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Thread: Glass

  1. #21
    eli griggs's Avatar
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    Works on paper should always be behind glass unless varnished. You might try "GOLDEN Archival Aerosol MSA Varnish w/UVLS" if you want to remove the ridge glass/acrylic barrier from your work. http://www.goldenpaints.com/products/varnish/msa.php

    Eli

    Note: Take a look here for a number of useful links, including how to make paper mounts for photographs, etc.
    Last edited by eli griggs; 08-13-2009 at 01:52 PM. Click to view previous post history.

  2. #22
    Sirius Glass's Avatar
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    Quote Originally Posted by eli griggs View Post
    Works on paper should always be behind glass unless varnished. You might try "GOLDEN Archival Aerosol MSA Varnish w/UVLS" if you want to remove the ridge glass/acrylic barrier from your work. http://www.goldenpaints.com/products/varnish/msa.php

    Eli

    Note: Take a look here for a number of useful links, including how to make paper mounts for photographs, etc.
    The first link describes the product and its uses. Protecting chemically based photographs is not listed although ink jet prints are.

    If they are not recommending their own product to protect photographs, I will not volunteer to try it myself. However you are free to try the product, if so please PM me at 50 years and at 100 years.

    Steve
    Warning!! Handling a Hasselblad can be harmful to your financial well being!

    Nothing beats a great piece of glass!

    I leave the digital work for the urologists and proctologists.

  3. #23
    eli griggs's Avatar
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    Steve, I posted this for those of us that might not have know about these products/links in the first place. What you do with that information is entirely up to you.

    Personally, as an artist and a photographer, I have been concerned with issues of permanency/light-fastness/archival properties for more than 30 years and it is a continuing issue with new materials and methods of doing things constantly evolving.

    I don't try everything I read about, nor do I jump on just any product that comes to my attention, but I do like to know about various materials and techniques that might have a place in some medium I happen to work in or might in the future. I'm sure that there are others here that feel likewise. It is in that spirit that I posted these links.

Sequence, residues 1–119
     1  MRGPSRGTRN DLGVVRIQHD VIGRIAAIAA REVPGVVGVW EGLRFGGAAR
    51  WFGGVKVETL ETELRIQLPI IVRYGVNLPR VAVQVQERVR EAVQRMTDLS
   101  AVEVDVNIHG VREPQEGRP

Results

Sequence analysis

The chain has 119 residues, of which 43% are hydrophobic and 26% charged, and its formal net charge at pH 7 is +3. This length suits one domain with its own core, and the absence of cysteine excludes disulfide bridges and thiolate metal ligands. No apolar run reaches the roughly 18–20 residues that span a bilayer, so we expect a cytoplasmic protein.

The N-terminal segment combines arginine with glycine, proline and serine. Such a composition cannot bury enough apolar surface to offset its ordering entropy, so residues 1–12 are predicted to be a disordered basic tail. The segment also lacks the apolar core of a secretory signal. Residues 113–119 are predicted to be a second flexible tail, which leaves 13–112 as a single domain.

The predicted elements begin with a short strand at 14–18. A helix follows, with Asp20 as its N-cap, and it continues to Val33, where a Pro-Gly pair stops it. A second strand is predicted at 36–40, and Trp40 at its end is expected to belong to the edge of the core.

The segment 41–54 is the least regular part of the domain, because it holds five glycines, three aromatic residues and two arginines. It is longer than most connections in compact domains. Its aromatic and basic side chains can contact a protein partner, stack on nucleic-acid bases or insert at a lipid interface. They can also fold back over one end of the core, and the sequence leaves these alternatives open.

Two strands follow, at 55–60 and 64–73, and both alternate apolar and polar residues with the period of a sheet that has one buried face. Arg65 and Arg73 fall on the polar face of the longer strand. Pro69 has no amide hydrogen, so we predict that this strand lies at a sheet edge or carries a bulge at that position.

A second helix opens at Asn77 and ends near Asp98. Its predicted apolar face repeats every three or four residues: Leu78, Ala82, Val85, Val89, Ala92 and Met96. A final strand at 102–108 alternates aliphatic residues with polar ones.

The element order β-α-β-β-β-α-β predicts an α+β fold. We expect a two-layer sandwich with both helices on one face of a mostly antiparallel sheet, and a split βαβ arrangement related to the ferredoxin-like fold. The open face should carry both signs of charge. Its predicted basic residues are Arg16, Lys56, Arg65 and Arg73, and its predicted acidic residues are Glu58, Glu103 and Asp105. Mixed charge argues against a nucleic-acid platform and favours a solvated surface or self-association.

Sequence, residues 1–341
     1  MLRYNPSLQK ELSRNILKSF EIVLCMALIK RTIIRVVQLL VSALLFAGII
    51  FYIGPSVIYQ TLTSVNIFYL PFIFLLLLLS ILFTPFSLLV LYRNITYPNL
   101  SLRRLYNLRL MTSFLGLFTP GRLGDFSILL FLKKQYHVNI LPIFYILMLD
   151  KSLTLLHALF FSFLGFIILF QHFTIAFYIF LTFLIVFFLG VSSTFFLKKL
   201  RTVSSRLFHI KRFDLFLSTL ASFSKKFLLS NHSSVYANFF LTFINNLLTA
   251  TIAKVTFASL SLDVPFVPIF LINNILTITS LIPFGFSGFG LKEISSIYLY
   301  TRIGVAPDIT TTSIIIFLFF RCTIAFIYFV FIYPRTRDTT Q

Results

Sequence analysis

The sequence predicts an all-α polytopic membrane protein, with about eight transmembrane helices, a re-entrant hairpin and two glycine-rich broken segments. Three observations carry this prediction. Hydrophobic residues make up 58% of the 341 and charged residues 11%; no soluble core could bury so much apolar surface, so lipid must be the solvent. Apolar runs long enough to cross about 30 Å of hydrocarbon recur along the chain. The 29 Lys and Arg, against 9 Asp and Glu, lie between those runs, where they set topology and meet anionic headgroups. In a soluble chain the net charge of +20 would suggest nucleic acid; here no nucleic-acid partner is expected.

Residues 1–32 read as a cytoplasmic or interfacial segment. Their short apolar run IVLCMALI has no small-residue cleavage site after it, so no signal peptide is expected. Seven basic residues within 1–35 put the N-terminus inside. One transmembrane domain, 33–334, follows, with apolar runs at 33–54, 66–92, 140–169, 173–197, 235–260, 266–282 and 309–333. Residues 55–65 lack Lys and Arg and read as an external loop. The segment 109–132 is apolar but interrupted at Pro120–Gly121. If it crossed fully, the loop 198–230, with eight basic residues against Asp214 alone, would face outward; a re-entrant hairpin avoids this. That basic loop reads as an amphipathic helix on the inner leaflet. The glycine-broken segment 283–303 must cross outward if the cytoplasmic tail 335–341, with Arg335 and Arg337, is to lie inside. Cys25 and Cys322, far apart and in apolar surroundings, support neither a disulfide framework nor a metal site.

An example might be someone making carbon prints with ink-jet papers whom might have a need for the MSA varnish for works that are displayed without the protection of a glass/acrylic barrier.

    Eli

  4. #24
    Jim Fitzgerald's Avatar
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    I stopped using any type of glazing for my carbon transfer images. Is it a gamble, maybe, but I can not and will not cover up my work with glazing. My art, my decision.

    Jim

  5. #25

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    Glass is rarely applied in front of oil paintings because of the nature of the beast - canvas is meant to breath and is best left open. Actually, some museums do put glass in front of rare master pieces - The Met kept Van Gogh's 'Starry Night' under glass for protection.

    In the case of photography - glass serves to protect the image and is a traditional framing method. There are other options out there that give you a better presentation.

    Mounting your images to a durable substrate and applying a UV lamination over top is a great look. Many Chelsea galleries are doing this and then framing with a thin floater frame, no glass or plexi. The UV lam allows you to clean the surface of your image while deferring the reflective components that glass and plexi provide.